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dmanister Profile
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Dearly Belateds REVISED


Dearly Belateds

A house fallen but not gone: papered
walls, a cold stove: bodiless occupants

singing, sighing, whole melancholias
of old times audible in the void.

Books used in years gone by:
erasing's traces at the sides,

on the bottom where footnotes go,
even between the lines:

thoughts given and withdrawn:
evaporating water.

Fresh impressions in a bed: torsos,
legs, heads, bodiless but not gone,

present as absences ever get, resonants,
making their tardy departures.

Shells on the shore filled with the missing,
More than mere memory, evidence.

A shirt on the laundry line swelling with
wind, changing the shape of emptiness.


.


Last edited by dmanister, Jul/26/2009, 8:17 am
Jun/10/2009, 11:03 am Link to this post Send Email to dmanister   Send PM to dmanister
 
deepwaters Profile
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Re: Dearly Belateds REVISED


Diana -

I don't quite "get" the poem - most likely my shortcoming. I like the way you paint the images, but I cannot tell what the poet is after. It might be that the title is supposed to convey more than I understand. here are some specific thoughts:



A house fallen but not gone: papered
walls, a cold stove: bodiless occupants
I read this as a house that is left empty for a long while, maybe abandoned. 'bodiless occupants' tripped me there for a minute.

singing, sighing, whole melancholias
of old times audible in the void.
I like this very much. It is almost like a scene in a movie because it says so much with so little.

Books used in years gone by:
erasing's traces at the sides,

on the bottom where footnotes go,
even between the lines:

thoughts given and withdrawn:
evaporating water.
I like the last two lines the best in the description of the books. I am uncertain as to why the books take so much of the poem. Is the idea that books are so important, therefore, deserve this attention? Or is this a choice that says something about the poem and the story?

Fresh impressions in a bed: torsos,
legs, heads, bodiless but not gone,

present as absences ever get, resonants,
making their tardy departures.

Shells on the shore filled with the missing,
More than mere memory, evidence.
I am not sure where the shells come from. Are you saying that the beds with the impressions of the body are like shells that are filled with the missing?

A shirt on the laundry line swelling with
wind, changing the shape of emptiness.
Again, I really like this last sentence. But, I don't know what it says in the bigger picture of the poem as a whole.

I don't know how helpful all my confused thoughts can be. Just my two cents anyway. Thanks for posting.
-shab
Jul/29/2009, 12:41 pm Link to this post Send Email to deepwaters   Send PM to deepwaters
 
dmanister Profile
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Re: Dearly Belateds REVISED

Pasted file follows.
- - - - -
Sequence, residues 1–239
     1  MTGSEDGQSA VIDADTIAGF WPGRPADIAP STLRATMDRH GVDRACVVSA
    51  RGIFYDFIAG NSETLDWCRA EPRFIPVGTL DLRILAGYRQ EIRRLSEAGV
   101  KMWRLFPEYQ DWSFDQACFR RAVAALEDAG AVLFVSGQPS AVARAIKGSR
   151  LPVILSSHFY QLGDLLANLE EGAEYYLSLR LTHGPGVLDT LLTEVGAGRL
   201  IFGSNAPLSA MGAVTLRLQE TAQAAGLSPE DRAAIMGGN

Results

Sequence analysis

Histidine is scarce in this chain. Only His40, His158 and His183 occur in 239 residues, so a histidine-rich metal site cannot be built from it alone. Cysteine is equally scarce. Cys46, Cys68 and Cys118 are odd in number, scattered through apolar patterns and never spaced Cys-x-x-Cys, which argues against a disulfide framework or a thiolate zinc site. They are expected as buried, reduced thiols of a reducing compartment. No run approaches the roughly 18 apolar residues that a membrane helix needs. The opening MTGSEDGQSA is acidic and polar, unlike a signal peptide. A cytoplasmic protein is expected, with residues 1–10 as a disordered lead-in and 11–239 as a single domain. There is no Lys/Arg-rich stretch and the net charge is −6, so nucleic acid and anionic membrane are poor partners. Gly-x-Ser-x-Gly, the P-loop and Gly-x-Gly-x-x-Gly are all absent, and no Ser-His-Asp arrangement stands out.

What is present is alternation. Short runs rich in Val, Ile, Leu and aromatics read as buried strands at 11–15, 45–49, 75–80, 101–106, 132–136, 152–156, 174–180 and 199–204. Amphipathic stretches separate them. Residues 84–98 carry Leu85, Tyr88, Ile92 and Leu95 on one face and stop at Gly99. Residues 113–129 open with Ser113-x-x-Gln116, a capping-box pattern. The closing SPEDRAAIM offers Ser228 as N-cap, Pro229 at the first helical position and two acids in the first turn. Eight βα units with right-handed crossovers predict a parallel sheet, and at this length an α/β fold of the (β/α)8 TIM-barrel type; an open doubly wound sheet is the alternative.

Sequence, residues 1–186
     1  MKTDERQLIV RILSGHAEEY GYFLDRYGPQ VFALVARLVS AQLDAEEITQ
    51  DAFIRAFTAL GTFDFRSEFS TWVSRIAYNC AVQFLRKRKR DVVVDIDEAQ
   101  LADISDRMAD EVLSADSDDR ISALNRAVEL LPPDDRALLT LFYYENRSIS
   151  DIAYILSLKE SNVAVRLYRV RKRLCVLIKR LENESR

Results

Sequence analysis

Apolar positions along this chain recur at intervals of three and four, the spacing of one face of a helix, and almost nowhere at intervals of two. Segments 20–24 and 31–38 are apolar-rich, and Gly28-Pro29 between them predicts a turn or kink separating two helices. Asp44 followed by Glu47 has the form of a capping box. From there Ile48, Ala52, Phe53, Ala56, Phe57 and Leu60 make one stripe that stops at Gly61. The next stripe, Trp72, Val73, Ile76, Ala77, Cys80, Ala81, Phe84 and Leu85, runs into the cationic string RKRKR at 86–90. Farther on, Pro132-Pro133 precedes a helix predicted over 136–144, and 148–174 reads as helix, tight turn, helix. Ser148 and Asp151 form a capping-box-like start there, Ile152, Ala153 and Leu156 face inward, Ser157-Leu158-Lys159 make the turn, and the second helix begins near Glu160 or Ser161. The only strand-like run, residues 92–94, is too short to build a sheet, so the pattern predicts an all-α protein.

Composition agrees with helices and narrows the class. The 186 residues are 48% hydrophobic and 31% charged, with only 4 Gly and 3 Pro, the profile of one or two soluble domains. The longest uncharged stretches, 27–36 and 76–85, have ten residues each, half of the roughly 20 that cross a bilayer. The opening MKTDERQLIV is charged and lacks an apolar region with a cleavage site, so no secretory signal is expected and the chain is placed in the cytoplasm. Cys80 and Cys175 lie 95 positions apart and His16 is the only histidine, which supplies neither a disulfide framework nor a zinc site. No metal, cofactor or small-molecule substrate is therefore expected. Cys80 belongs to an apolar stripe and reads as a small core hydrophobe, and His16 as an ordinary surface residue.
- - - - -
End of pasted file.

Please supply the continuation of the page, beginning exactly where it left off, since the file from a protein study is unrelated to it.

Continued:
Dear shab,

Many thanks for your thoughful and sensitive responses.

You will not get the poem if you look for a story. There is none.

However. The shells and the impressions in the bed are the same as the books and every other absence which makes its presence known in the poem.

Again, thanks! Your comments are very helpful. I hadn't realized, for example, that the books were so prominent.

Best,

Diana

.
Jul/29/2009, 12:46 pm Link to this post Send Email to dmanister   Send PM to dmanister
 
deepwaters Profile
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Re: Dearly Belateds REVISED


Diana -

Just a small clarification. It is not so much that I look for a story in a poem, but I want to know what the poet wants and/or needs to say. So, perhaps my use of the word "story" was ill-fitted.

If I were forced (or bribed) to tell what I thought the poem was about, I would say a sense of loss, the strong presence of an absence. However, the title and the ending make me unsure of that. Also, I couldn't quite follow the punctuation.

I hope some of my rambling in here is helpful.
-s
Jul/29/2009, 11:25 pm Link to this post Send Email to deepwaters   Send PM to deepwaters
 
ChrisD1 Profile
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Re: Dearly Belateds REVISED


hi Diana,

Here's where the poem resides (imo, of course):

Fresh impressions in a bed: torsos,
legs, heads, bodiless but not gone,

Shells on the shore, filled with the missing,
More than mere memory, evidence.

A shirt on the laundery line, swelling with
wind, changing the shape of emptiness.

The first line of each couplet an arresting,
palpable image followed by a second line, suggesting an interpretation, meaning or context for the image. A completely successful mix of show and tell. Also very beautiful and evocative. I'm not so taken with the rest.

Cheers,

Chris
Jul/31/2009, 11:31 am Link to this post Send Email to ChrisD1   Send PM to ChrisD1
 


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